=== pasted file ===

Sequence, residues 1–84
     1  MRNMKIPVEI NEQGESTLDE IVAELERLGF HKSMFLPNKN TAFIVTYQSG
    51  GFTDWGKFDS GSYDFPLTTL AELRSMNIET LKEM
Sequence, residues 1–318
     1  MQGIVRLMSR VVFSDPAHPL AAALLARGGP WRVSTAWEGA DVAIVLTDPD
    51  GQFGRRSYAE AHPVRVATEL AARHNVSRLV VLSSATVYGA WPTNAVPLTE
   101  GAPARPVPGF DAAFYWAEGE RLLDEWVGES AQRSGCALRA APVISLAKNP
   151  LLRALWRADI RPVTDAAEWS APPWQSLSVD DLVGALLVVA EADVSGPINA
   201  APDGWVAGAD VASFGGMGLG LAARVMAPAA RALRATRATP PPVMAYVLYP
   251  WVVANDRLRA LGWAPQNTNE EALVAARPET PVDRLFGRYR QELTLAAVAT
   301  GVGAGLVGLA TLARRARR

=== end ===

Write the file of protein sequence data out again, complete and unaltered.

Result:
Sequence, residues 1–84
     1  MRNMKIPVEI NEQGESTLDE IVAELERLGF HKSMFLPNKN TAFIVTYQSG
    51  GFTDWGKFDS GSYDFPLTTL AELRSMNIET LKEM
Sequence, residues 1–318
     1  MQGIVRLMSR VVFSDPAHPL AAALLARGGP WRVSTAWEGA DVAIVLTDPD
    51  GQFGRRSYAE AHPVRVATEL AARHNVSRLV VLSSATVYGA WPTNAVPLTE
   101  GAPARPVPGF DAAFYWAEGE RLLDEWVGES AQRSGCALRA APVISLAKNP
   151  LLRALWRADI RPVTDAAEWS APPWQSLSVD DLVGALLVVA EADVSGPINA
   201  APDGWVAGAD VASFGGMGLG LAARVMAPAA RALRATRATP PPVMAYVLYP
   251  WVVANDRLRA LGWAPQNTNE EALVAARPET PVDRLFGRYR QELTLAAVAT
   301  GVGAGLVGLA TLARRARR